Relief

 

Big Ideas Kill International Development and Relief?

Big Ideas Kill International Development and Relief?

I’m fairly new to the international development community, but I just read this great article on the New Republic site about how new disruptive ideas for humanitarian aid and international development get massive funding because they seem like great ideas, but then dwindle and die long term. I’d love your comments as to whether my ideas below are actionable, right, wrong, and your thoughts on the article. You’ll have to join our forums to comment, but that’s free and only takes a couple of minutes. I was shocked to read this quote.. “Governments and rich people (“major donors” in NGO-ese) are embracing terms like “philanthrocapitalism,” “social entrepreneurship,” and “impact bonds,” arguing that donations are investments, not gifts.” There’s a great story about the fact that sometimes what you THINK is the problem that needs solving with international development and aid  isn’t the actual root issue. Apparently, providing textbooks to kids in Kenya didn’t improve their academics, but providing de-worming pills to make the kids healthier resulted in higher attendance rates at schools and better education – at a cost of 49 cents per pill vs. $2-$4 per textbook. But then they tried to say that this one study proved out that de-worming could be a great global solution, so they went global. Studies have now shown that it increases LIFETIME earnings of recipients by $30. Yes, $30 for their entire life. The article talks about “success, scale, fail” – the trend to find and tout a single successful program, then scale it to try to solve global issues, and then failing to make it work. It also talks about...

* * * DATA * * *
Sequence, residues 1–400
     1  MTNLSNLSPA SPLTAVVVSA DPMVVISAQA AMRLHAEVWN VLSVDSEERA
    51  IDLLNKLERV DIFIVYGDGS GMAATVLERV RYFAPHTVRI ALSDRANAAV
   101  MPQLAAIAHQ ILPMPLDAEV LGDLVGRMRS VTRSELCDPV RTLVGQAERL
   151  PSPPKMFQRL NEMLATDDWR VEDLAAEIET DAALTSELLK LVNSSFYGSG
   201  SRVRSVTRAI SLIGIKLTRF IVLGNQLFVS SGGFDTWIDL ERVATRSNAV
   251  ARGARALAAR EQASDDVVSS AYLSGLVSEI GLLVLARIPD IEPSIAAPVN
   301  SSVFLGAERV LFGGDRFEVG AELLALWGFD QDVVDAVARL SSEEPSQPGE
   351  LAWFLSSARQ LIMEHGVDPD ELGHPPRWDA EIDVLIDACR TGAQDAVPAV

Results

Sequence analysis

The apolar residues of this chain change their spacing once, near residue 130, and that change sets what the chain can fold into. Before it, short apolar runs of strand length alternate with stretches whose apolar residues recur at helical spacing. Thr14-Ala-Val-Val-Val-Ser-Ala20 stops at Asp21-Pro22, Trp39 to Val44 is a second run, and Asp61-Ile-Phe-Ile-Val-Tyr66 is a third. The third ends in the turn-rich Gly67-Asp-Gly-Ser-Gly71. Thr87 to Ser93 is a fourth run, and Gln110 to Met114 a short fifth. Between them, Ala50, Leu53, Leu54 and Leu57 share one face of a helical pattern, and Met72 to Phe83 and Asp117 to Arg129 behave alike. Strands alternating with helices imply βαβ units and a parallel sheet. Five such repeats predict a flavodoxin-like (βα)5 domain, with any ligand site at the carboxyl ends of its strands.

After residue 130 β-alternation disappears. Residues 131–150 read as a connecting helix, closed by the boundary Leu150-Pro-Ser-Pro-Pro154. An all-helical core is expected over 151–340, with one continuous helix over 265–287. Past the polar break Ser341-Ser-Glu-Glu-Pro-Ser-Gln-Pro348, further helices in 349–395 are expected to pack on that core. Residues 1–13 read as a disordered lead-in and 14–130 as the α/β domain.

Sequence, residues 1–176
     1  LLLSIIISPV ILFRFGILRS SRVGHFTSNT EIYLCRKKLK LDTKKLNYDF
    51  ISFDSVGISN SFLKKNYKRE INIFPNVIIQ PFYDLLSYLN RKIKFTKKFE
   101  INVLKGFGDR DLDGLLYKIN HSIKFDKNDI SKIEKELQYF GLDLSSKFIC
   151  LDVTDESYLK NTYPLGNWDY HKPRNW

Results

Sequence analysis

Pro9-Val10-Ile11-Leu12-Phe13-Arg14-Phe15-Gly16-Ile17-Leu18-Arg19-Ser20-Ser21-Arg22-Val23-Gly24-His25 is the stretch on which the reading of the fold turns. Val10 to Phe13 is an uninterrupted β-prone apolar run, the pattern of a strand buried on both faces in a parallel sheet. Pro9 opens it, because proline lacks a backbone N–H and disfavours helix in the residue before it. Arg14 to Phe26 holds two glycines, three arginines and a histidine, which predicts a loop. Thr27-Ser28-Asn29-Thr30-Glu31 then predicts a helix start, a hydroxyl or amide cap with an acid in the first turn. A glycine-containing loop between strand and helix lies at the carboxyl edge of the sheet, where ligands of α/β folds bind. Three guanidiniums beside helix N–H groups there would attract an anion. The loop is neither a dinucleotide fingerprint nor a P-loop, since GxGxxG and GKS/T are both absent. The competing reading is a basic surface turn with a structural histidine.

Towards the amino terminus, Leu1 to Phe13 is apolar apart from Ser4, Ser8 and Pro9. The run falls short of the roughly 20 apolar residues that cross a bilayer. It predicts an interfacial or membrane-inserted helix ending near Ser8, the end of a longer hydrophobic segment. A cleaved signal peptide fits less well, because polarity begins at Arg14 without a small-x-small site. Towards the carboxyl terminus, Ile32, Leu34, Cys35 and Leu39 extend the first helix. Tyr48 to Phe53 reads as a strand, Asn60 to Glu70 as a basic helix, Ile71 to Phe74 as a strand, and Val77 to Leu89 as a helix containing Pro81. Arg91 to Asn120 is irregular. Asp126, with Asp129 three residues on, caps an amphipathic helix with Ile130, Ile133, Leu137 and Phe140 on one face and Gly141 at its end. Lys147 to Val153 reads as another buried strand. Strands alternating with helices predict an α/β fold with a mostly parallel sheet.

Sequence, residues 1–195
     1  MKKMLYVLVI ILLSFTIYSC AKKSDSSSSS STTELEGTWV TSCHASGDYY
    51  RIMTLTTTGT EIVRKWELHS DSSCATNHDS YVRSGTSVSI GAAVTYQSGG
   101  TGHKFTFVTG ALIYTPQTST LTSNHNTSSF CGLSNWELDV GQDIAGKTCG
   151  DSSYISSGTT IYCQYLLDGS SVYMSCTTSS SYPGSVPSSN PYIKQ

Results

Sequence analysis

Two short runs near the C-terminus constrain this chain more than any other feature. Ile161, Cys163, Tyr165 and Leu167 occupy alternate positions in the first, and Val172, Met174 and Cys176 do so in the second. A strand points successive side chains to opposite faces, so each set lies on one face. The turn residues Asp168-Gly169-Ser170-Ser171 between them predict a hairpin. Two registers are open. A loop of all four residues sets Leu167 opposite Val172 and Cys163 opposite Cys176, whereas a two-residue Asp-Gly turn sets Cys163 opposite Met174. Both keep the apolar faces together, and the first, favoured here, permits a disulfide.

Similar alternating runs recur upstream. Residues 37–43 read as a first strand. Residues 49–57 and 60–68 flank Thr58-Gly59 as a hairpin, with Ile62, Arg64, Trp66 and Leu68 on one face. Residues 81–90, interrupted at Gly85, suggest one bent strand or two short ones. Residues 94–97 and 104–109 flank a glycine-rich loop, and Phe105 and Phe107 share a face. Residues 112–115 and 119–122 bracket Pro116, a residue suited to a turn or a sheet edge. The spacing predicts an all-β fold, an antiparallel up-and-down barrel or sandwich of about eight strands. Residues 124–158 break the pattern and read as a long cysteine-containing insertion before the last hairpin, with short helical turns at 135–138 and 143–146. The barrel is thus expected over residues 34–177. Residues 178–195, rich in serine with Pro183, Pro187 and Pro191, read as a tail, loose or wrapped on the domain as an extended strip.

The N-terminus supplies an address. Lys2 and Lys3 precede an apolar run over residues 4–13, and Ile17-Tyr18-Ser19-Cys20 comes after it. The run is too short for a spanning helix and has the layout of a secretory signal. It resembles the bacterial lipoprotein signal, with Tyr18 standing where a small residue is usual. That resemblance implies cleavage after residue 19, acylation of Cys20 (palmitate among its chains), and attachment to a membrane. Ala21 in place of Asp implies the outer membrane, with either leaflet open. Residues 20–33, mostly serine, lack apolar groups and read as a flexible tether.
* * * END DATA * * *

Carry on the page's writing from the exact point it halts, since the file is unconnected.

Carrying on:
Notes from the AIDF Disaster Relief Summit

Notes from the AIDF Disaster Relief Summit

Quite the few days here in Washington DC at the AIDF Disaster Relief Summit. Check out our Twitter stream for all of our updates – and make sure to follow us too! I seem to have had the New York weather follow me down to DC, with temperatures in the twenties and thirties. Oh well. I spent Tuesday morning at the Voice of America studios listening to several expert presentations on journalism in disaster and crisis areas. Lots to learn and think about: Ebola Zone Reporters “Personal Protective Equipment is difficult to use properly. Used improperly, it’s more dangerous than using nothing.” Ebola Zone Reporters “Personal Protective Equipment gives false sense of security and encourages journalists to go places they shouldn’t be” Ebola Zone Reporters “Important to establish consistent safety protocols for your vehicle and hotel room” Information communication IS aid Keep in mind that the responder will be on the defensive when talked to by a journalist Journalists should go to crisis training and simulations so responders become comfortable with who they are Audience “You can’t forget that the CNN in the US is different than the CNN in Africa when it comes to Ebola reporting.” Technology innovation today allows for “care and outcomes” influenced across the total end to end care pathway In the US, first responders often have access to multiple vehicles. Elsewhere, you need multi-purpose vehicles. One of the more interesting statements I heard was one I really like. “Information IS aid”. Journalists, and sites like Disaster.Com, that provide information about disasters and crises are providing a form of aid to communities. Over the other two days of the conference we’ve...
Write Articles
×
Suggest A Category

 

×